Paso Robles: Cholame Valley-Parkfield-Vineyard Canyon

Sunday, October 26, 2014

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Click here to watch a short video of the ride

Day 2: This counter clockwise loop heads east on CA-46 through Shandon Valley for a stop at the James Dean Memorial in Chalome. The route turns north for a quiet run along the open Cholame Valley to the Earthquake Capital town of Parkfield for lunch at the Parkfield Café. The second half of the route climbs out of Vineyard Canyon and descends through the valley to Indian Valley. The rolling climbs on Cross Canyon Rd cuts across the valley to Estrella and Airport Rd.

We exit the RV Park onto Airport Rd.

The terrain on CA-46 E is fairly flat; the road has an ample shoulder area with a foot wide rumble strip-running into it can be quite a jarring experience! CA-46 takes you through the wineries and vineyards around Paso Robles’ East Side.

All traffic comes to a halt for about 10 minutes as a helicopter flies over in the far distance transporting and pulling cables across transmission towers.

The gentle flat terrain on CA-46 E continues pass the vineyards and wineries to the Estrella River crossing towards the open fields and meadows around Gruenhagen Flat.

Current road work has closed the eastbound lane on CA-46 E; the road shifts to share lanes with the westbound traffic. The road narrows for the next 6+ flat miles through the agricultural farmlands around Shandon Valley to McMillan Canyon Rd.

CA-46 E continues along the beautiful valley with magnificent views of the surrounding Cholame Hills and mountain ridges. The road crosses over the dry Cholame Creek through the pastoral fields around Shandon.

We make a brief stop at the Shandon Roadside Rest Area; it’s a safe and clean place to refuel.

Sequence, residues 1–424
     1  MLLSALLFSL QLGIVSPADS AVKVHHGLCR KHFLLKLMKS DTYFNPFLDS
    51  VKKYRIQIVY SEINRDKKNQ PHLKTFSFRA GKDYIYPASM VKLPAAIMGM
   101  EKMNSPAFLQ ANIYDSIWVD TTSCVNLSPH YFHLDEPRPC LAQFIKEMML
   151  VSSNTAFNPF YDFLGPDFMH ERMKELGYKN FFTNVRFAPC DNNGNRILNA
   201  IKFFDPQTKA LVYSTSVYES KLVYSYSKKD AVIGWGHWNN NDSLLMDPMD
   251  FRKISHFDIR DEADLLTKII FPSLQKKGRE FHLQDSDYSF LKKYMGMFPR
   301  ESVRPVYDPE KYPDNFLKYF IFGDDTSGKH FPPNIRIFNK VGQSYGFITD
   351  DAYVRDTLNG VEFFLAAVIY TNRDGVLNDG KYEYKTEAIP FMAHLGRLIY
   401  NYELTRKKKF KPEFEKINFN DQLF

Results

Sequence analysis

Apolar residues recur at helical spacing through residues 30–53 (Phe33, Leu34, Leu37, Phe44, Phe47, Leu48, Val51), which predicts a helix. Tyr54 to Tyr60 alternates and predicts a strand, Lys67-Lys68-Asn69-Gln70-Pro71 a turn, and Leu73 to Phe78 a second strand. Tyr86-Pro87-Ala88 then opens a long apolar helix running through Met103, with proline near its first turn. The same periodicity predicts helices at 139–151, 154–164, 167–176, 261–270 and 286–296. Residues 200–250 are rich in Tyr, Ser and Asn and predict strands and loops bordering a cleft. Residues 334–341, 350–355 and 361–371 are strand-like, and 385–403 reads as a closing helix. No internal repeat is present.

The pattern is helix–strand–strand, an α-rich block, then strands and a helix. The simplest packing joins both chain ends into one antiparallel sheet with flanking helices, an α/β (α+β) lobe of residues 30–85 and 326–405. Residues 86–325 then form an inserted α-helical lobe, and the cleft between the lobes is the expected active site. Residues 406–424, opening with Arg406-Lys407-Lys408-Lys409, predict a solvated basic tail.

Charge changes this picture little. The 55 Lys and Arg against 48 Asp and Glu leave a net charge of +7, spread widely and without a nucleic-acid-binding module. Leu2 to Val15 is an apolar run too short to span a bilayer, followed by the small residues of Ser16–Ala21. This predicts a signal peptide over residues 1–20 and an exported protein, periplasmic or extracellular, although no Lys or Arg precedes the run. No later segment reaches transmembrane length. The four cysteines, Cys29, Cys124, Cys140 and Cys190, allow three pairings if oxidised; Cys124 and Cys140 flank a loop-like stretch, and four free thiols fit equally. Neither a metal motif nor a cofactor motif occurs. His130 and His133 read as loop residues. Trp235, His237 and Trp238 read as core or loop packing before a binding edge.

CA-46 E turns up from the valley and heads NE to out next stop at the James Dean Memorial located adjacent to the Jack Ranch Café in Cholame. The official dedication James Dean Memorial Junction is located further down the road at the junction to CA-41.

We stay on CA-46 E for another 0.9 mile to the turn onto Cholame Valley Rd.

Cholame Valley Rd follows the dry Cholame Creek through the beautiful starkness of Cholame Valley. Traffic is non-existent and it’s deafly silent; it’s something we rarely get to hear-peace and quiet!

Cholame Valley Rd travels through the remote cattle ranches and crosses into Monterey County. Take a minute to enjoy the fabulous views of Cholame Hills and Table Mountain!

After 5.1 miles, the road curves to the left and name changes to Cholame Rd. Cholame Rd continues along the valley flats through a few cattle ranches and open farmlands.

At the dry creek crossing, the road gently rises from the valley for a climb up through the woodlands around Cholame Hills before dropping down to the Cholame truss bridge over Little Cholame Creek.

Cholame Rd continues for another half mile through the back country towards Parkfield.

We cross the Parkfield bridge across the San Andreas Fault along the North American Plate on 1st St/Parkfield Coalinga Rd to the Earthquake Capital town of Parkfield. While crossing the creek, we spot a small herd of wild pigs scuttling across the creek bed.